Review: Jack Foley
LEMON Jelly return with perhaps their most ambitious and mainstream
album to date - a wonderful collection of beats, samples and melodies
that prove Fred Deakin and Nick Franglen show no sign of wobbling
The album could be described as a concept given that it is comprised
of samples taken from their extensive record collection - the
'64 to '95 of the title representing the span in years between
the first and last records chosen.
Rather than merely sampling, however, Fred and Nick have taken
just a snippet from the records and fleshed them out with all
the musical styles we have come to expect from the duo.
The result, while less quirky and eccentric than, say, Lost Horizons,
marks an exciting progression for the duo, which takes in everything
from metal, 70s pop and R&B to rock, chill out and dance.
So while there's nothing to rival the sheer unique buzz you got
from first listening to a track such as The Staunton Lick,
from the first album, there's no denying that Lemon Jelly have
managed to retain their own identity, while delivering an album
that fits comfortably inbetween works from major artists such
as The Chemical
Brothers and Nightmares on Wax.
The album highlight is most definitely Make Things Right,
a lush, romantic and completely feel-good effort that features
a tantalising vocal from UK R&B star, Terri Walker (singing
a Monica cover).
Having caught the track live at Somerset
House last year, it's a relief to finally be able to put it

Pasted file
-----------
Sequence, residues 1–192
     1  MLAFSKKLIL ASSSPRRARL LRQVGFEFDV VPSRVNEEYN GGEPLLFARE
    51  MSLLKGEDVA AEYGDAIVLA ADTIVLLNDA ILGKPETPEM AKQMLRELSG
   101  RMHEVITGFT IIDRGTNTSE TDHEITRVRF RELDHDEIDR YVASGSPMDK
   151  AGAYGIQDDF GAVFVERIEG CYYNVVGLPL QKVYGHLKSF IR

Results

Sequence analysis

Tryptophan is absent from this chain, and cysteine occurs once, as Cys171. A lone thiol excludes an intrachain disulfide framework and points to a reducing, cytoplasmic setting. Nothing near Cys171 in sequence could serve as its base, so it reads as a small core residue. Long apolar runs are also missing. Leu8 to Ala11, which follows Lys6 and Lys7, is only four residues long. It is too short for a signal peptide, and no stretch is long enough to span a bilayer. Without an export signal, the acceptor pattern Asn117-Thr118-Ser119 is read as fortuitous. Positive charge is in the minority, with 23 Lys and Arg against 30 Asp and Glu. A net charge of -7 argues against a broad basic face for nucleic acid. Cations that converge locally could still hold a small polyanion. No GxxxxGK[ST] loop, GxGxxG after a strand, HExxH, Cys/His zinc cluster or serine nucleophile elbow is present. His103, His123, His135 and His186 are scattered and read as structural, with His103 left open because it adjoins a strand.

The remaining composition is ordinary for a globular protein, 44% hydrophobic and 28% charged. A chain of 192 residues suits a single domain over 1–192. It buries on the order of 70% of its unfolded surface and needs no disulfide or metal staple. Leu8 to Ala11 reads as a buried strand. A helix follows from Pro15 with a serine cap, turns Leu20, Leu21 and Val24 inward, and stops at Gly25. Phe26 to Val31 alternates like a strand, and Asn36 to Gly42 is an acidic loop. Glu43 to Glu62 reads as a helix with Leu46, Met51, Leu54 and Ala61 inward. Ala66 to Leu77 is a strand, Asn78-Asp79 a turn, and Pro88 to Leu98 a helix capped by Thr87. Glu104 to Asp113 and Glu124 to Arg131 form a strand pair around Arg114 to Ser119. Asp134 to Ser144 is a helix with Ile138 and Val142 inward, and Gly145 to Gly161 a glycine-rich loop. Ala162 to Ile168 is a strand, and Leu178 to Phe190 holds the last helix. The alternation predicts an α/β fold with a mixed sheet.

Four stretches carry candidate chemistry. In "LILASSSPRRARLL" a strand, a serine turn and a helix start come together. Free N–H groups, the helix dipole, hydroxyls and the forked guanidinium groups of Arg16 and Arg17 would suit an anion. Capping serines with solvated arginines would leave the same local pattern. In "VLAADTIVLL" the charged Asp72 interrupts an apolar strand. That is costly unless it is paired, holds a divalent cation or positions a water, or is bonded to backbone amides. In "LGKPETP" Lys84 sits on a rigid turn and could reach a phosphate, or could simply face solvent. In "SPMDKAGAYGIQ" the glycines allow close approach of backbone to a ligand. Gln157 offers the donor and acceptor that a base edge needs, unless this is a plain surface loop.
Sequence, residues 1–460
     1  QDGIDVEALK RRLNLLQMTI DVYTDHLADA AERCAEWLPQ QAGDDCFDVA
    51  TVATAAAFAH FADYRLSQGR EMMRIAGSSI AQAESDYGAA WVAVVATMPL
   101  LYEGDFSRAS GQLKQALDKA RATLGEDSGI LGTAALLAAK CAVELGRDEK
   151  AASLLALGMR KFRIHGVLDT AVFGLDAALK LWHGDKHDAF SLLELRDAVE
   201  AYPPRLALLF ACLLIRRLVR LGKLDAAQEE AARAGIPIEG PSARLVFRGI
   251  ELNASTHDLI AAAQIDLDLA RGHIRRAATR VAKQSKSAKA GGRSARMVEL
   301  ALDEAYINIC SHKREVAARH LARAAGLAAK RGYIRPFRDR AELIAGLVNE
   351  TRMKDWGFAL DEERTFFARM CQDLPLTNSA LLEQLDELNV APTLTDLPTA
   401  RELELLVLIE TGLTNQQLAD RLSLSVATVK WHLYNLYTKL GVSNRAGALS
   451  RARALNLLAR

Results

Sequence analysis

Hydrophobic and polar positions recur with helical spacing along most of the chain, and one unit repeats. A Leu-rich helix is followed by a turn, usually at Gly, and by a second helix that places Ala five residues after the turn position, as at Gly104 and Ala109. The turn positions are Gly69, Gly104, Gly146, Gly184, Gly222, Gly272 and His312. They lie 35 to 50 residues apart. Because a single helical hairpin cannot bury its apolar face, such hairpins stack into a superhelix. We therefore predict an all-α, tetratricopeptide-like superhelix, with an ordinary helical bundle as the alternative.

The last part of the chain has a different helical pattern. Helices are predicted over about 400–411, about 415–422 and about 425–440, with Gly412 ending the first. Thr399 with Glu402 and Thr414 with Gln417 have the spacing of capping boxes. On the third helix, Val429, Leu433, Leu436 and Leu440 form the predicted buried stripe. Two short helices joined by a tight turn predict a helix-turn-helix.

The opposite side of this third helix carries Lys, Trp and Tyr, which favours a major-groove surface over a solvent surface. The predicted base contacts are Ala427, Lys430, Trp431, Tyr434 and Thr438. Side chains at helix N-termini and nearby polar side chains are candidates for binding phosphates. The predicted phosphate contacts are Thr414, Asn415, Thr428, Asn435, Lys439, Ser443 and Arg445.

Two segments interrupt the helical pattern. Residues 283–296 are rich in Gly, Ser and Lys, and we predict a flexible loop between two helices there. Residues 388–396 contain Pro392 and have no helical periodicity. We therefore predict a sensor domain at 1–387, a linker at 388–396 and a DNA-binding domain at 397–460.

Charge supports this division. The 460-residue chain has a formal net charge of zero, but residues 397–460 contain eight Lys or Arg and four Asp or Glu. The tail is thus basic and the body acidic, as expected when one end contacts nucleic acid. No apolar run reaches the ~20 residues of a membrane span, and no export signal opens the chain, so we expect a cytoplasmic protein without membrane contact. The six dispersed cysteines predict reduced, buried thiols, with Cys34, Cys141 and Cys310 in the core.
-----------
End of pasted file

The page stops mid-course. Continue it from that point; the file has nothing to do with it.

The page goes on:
on the CD player whenever the desire arises - and that's quite
often once you're heard it. Comparisons with the style of Nightmares
on Wax and Morcheeba are not far off the mark.
Another guest vocalist also adds something fantastic and new
to the mix - namely, William Shatner.
Yep, the former Captain Kirk lends his beat poet talents to final
track, Go, to create an epic, sweeping, soaring track
that truly brings the album to an uplifting finale (while also
conjuring memories of past track, Rambling Man).
It serves to show the ambitious nature of the album and the heights
which Fred and Nick are continually trying to achieve.
Don't Stop Now, featuring a funky retro beat and a sample
from Waterfall (by Van der Weyde) is sure to become a
live favourite and a dance-friendly track for the Summer, while
The Slow Train, which contains elements of I'm A Train,
is Lemon Jelly at their offbeat best, featuring a delightful barber
Other samples come from the likes of Scottish post-punkers, The
Scars, as well as 70s popsters, Gallagher and Lyle.
What's important, however, is that '64 - '95 maintains that feel-good
and distinctly unique quality that consistently comes from listening
to Lemon Jelly.
That it does so, while also marking a giant leap forward in the
duo's musical odyssey, is testament to the magic of Fred and Nick's
Waste no time in buying what could well be one of the best albums